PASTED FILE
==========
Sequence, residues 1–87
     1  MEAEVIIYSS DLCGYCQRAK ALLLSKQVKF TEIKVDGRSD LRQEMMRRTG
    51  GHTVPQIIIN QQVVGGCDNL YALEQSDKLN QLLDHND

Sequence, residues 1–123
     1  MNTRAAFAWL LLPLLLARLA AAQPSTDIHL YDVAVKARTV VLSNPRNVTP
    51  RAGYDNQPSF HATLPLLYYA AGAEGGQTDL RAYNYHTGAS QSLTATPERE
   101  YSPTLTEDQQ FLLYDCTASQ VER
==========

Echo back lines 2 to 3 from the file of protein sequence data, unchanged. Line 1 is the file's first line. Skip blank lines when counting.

     1  MEAEVIIYSS DLCGYCQRAK ALLLSKQVKF TEIKVDGRSD LRQEMMRRTG
    51  GHTVPQIIIN QQVVGGCDNL YALEQSDKLN QLLDHND